Glyndebourne: 80 years of opera excellence

A symbol of excellence famous the world over, Glyndebourne Festival was born in a Tudor country house in the mid-1930s

A symbol of excellence famous the world over, Glyndebourne Festival was born in a Tudor country house in the mid-1930s

Drawing performers and audiences united by their passion for opera, it is a magical event set in an idyllic landscape on the rolling Sussex Downs — an ideal location for the sumptuous picnic that has also made it famous.

This year marked Glyndebourne’s 80th anniversary and the arrival of a new, talented and passionate music director — Robin Ticciati.

Delighting opera lovers with first-rate productions has been the festival’s philosophy since day one. It is a strategy that has lived through three generations of the same family — the Christies — from the founder, John, to his grandson Gus, who now runs the event, which prides itself on its financial independence.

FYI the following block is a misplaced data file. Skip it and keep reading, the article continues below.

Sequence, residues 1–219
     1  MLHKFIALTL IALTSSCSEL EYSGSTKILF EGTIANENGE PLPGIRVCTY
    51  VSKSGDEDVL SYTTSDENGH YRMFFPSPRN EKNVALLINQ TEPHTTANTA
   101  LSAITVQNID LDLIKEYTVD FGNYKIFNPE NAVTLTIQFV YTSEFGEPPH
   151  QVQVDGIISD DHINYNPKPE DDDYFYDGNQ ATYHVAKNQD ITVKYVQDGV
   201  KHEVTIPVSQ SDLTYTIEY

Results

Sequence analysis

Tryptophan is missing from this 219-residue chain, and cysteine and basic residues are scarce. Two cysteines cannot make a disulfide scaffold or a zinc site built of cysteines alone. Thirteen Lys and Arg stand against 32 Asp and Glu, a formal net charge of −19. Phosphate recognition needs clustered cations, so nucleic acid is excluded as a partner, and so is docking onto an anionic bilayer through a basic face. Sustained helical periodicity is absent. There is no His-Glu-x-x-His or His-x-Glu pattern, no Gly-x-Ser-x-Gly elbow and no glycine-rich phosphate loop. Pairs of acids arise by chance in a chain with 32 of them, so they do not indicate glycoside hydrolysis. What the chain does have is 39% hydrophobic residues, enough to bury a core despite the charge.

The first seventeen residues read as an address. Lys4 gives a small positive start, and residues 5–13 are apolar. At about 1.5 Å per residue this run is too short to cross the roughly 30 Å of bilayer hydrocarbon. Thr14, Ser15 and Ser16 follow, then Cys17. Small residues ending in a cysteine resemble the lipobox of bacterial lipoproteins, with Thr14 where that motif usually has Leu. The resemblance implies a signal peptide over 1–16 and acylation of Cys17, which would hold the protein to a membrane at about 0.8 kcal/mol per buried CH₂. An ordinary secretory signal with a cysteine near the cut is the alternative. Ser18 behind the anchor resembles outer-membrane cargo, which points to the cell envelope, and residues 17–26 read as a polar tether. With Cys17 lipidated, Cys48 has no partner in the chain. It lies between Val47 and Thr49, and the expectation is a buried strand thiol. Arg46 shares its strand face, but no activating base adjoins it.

“We want to make the experience as special as we can, both with the environment, the gardens, with what they see on stage, and the restaurant and the food, so our bar is not the best that we can do, but the best that can be done anyway — which is my grandfather’s motto,” said festival Executive Director Gus Christie.

Glyndebourne is not only for middle-aged eccentric Britons. Opera buffs of all generations are entitled to reduced price tickets, or can follow the shows on the internet or on cinema screens.
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